FRIDAY, OCTOBER 16TH, 2009 AT 10:28 AM
The First Lady on Keeping America Healthy and Strong
Posted by Erin Edgerton
First Lady Michelle Obama visited the Department of Health and Human Services (HHS) this week to thank HHS employees for their dedication to public health and discuss the issue of childhood obesity, a subject about which she feels passionately.
After a warm welcome from HHS Secretary Kathleen Sebelius, Ms. Obama thanked HHS employees for their dedication to keeping America healthy and strong, paying special attention to the individuals on stage with her who had each devoted more than 40 years to working at HHS.
She then turned her attention to the issue of childhood obesity, citing a statistic that nearly a third of all children in the country are overweight or obese, with that number rising to one half in African American and Hispanic communities. Focusing on the profound implications of these growing numbers, Ms. Obama discussed her concern over the diminished quality of life for affected children and the projection that, for this first time in the history of the nation, the next generation may be on track to having a shorter life span than their parents.
Ms. Obama recognized the challenges that today’s parents, especially working mothers, face in consistently providing nutritious foods for their children and shared some of her personal stories with this struggle.
And I know this feeling. You've had a long day at work -- you know, I remember this two years ago before we got here. (Laughter.) While I was working and campaigning for my husband and trying to take care of two kids, I remember coming home from a meeting or from an event just tired -- tired -- (laughter) -- and knowing that you're going home to an empty refrigerator -- (laughter) -- and kids who are hungry -- (laughter) -- and fussy -- (laughter) -- and not wanting to eat anything you have in mind. (Laughter.) All they want is some pizza and some burgers, right? (Laughter.) And you don't want to argue. You want a peaceful meal. (Laughter.) You want everyone to be quiet and just eat. (Laughter and applause.)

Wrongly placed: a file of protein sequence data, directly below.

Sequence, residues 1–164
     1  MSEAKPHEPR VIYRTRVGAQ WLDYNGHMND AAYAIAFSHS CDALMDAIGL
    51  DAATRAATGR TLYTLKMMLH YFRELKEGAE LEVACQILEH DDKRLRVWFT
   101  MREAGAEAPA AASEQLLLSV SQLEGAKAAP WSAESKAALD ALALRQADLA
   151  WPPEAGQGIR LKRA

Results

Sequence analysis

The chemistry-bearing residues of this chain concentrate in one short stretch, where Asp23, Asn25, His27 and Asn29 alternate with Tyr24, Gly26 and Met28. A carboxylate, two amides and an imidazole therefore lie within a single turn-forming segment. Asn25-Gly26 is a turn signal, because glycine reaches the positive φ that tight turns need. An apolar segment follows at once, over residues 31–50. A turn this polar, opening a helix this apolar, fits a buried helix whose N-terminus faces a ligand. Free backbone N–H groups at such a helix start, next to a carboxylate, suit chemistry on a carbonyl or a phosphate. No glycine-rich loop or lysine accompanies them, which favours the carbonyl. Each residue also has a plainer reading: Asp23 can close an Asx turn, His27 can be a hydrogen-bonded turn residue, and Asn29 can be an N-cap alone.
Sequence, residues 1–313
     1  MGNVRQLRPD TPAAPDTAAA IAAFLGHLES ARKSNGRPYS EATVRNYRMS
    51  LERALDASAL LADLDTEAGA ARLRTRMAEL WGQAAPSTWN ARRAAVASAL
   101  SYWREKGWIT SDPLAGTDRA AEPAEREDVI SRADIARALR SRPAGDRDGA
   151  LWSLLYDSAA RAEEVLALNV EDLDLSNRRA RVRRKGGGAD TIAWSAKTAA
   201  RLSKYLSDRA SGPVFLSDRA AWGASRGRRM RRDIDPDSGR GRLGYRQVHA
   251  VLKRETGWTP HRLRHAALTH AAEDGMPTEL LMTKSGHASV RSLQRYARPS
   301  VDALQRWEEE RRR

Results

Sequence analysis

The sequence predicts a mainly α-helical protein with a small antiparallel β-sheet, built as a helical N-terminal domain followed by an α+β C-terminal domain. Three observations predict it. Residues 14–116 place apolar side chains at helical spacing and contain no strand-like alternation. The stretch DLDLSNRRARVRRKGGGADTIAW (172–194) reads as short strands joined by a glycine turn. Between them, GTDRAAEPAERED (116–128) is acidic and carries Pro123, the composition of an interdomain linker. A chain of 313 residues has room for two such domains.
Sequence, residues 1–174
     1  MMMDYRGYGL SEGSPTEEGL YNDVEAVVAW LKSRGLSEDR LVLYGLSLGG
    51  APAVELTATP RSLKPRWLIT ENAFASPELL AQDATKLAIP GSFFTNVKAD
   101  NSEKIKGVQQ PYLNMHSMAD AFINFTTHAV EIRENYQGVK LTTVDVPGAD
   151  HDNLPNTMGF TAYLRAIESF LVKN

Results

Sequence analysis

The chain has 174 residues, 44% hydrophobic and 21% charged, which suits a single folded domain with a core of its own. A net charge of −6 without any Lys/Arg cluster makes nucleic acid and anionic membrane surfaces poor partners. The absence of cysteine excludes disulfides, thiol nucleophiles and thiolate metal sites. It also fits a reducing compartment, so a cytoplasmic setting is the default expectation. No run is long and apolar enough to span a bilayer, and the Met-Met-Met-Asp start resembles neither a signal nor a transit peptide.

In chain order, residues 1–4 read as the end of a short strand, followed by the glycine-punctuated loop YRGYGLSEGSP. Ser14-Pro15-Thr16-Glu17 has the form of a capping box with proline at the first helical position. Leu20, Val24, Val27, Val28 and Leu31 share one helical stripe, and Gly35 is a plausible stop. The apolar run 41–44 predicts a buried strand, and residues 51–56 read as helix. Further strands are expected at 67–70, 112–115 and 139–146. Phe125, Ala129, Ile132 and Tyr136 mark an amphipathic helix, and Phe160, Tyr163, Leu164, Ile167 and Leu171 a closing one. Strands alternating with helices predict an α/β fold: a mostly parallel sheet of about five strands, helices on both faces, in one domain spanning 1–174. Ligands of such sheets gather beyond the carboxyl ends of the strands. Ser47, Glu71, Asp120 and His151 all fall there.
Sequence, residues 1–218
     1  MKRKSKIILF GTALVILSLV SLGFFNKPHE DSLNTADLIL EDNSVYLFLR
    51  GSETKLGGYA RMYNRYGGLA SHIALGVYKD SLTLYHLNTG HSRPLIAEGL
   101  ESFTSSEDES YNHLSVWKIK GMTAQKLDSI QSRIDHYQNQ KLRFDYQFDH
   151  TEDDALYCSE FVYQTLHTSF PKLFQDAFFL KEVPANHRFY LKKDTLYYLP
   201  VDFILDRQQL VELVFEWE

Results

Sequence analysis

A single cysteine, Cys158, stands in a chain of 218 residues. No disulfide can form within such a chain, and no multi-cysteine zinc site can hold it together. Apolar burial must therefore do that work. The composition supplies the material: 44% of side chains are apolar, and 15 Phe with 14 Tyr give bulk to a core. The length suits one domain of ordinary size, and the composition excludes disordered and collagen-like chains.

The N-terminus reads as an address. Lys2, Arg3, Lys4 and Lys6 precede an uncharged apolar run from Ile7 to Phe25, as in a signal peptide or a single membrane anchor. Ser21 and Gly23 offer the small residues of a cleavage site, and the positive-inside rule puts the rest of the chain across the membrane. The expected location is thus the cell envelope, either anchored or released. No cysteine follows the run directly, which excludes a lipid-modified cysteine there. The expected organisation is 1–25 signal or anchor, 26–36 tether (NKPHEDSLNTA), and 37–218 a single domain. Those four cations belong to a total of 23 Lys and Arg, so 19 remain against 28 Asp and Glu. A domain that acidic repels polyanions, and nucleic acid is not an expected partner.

And it is in those moments -- and for me there were many -- where you just give in and just get that take-out. (Laughter.) Get them what they want. See "Drive-thru." It's like heaven. You drive through. (Laughter.) It's quick, it's easy.
So there was a time when I was living this life. And then I got a little tap on my shoulder from our kids' pediatrician who basically said, "You know, you may want to look at changing the way your children are eating," because he could see the effects. And I was shocked. I thought we all had our stuff together. (Laughter.)
But it's a little startling when somebody tells you you need to, you know, rethink things. So you just try to figure out, well, where do you begin, what do you change, how can you change things? But what I found was that if we start small and not try to bite off too much, if we just added a few more fruits and vegetables into every single meal, if we cut down on sugary drinks and processed fruit -- foods, that we could see some changes. And one of the things we tried not to ever do was be totally rigid; you know, just make kids so afraid of vegetables -- (laughter) -- that they would never, ever want to enjoy a meal.
But we worked on achieving moderation in our lives, teaching our kids about different types of foods, and what they do to their bodies, and eventually we got into a routine that worked for our family. And the biggest challenge was just figuring out where to start, and not letting it overwhelm you, or me. I'm talking to myself now. (Laughter.)
In closing, Ms. Obama discussed the $1 billion included by Congress and the President in the Recovery Act for prevention and wellness programs but also stressed the crucial role that parents play in their children’s lives.
We can change the way that we see ourselves, our relationship with food and exercise, and we can pass on a whole 'nother set of habits to our children. Their fate isn't set yet. We still have everything in our power, because the other beautiful thing is that kids change quickly. Their habits are easily broken. They are so malleable, and they're waiting for the right information, the right opportunities, and once they have it, they just go.
Read the full remarks online. Visit CDC.gov to learn more about the contributing factors, prevalence, and statistics of childhood obesity and get tips for parents interested encouraging healthy eating habits.